When: Remote work is incredibly family friendly. Because of the emphasis on asynchronous work, I get to see my loved ones basically any time I want, run chores during the day, go to the bank and get my laundry done. Remote work promotes inclusion and equity in the workforce.
What: Remote and asynchronous collaboration means more productive work. Productivity can decrease in the office because of interruptions and distractions. It’s so easy to ask your office mate a quick question–but fairly disruptive to workflow. Using asynchronous collaboration your “office mate” can answer your question during a normal break in their work, minimizing distractions and allowing communication at everyone’s own pace. We already do this in the hospital when we consult a service. They see the patient, formulate a plan, and get back to us, all while triaging other more emergent (or less emergent) questions. This is asynchronous collaboration.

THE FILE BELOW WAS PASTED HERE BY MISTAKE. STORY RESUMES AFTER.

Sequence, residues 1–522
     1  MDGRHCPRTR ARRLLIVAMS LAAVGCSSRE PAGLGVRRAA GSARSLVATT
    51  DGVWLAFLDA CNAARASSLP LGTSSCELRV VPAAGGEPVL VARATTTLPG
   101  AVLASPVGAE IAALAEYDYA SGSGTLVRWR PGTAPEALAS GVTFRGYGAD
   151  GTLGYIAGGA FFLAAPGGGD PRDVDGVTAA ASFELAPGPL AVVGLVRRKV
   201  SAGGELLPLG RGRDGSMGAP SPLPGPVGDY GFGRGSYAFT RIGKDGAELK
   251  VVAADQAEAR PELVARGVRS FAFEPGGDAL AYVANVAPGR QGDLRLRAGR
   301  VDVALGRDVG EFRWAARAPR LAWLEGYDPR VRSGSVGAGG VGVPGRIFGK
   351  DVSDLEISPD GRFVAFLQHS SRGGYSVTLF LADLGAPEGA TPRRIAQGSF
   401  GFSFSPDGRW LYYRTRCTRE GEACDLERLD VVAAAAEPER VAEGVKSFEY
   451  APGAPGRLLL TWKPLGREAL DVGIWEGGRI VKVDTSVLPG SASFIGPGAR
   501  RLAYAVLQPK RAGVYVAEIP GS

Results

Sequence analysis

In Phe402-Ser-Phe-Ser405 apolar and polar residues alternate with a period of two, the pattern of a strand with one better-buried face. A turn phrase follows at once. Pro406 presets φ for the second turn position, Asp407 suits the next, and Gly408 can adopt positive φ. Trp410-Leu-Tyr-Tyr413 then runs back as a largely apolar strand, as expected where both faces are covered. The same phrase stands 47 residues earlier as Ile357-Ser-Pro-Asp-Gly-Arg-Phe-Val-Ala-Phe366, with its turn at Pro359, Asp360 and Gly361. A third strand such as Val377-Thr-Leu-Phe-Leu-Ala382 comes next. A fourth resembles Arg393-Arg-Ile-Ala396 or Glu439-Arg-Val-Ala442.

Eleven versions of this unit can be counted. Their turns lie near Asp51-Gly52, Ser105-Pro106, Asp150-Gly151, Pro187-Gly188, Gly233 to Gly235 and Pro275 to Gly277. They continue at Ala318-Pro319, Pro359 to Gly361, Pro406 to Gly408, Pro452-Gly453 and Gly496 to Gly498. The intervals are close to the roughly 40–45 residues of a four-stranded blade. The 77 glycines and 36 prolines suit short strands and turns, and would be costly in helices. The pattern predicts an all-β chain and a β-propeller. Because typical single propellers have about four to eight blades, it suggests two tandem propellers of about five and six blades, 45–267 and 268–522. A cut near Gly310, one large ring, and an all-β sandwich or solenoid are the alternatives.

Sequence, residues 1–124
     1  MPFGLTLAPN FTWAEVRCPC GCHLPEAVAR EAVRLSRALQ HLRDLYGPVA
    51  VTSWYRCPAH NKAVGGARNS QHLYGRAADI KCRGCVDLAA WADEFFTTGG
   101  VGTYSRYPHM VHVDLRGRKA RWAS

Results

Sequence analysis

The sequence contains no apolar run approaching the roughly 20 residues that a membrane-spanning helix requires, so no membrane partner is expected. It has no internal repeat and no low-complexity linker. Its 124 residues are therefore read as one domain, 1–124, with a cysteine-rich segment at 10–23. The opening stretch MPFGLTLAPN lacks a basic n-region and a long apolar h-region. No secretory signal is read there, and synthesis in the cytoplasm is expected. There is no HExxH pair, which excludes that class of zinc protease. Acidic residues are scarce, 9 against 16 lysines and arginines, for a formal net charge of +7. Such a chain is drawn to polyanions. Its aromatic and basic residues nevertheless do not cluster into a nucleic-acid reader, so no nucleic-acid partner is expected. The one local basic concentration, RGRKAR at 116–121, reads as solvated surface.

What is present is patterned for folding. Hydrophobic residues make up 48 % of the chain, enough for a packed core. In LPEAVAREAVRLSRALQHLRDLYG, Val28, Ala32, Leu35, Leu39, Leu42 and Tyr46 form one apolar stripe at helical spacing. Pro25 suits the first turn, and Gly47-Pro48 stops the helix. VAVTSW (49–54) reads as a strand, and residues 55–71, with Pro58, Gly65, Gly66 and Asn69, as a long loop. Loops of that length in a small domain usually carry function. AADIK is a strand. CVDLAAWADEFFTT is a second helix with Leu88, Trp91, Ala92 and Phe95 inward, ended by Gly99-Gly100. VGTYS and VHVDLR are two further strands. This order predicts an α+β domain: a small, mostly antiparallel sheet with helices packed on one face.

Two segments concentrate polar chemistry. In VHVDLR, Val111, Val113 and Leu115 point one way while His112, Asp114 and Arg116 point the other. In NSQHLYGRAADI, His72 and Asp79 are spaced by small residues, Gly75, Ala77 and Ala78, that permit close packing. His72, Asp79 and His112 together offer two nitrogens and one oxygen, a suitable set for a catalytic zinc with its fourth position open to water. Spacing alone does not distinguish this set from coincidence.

Where: Remote work means no commute. This is significant for even the shortest of door-to-doors. If you spend 30 minutes per day commuting to work, you lose 250 hours per year.
Why: We work really hard in medicine and already spend a significant amount, if not all, of our clinical time in the workplace. Distributed workforces have freedom and the ability to live a life that they want. Having the freedom to waste less nonclinical time means a more meaningful work experience, and less physician burnout.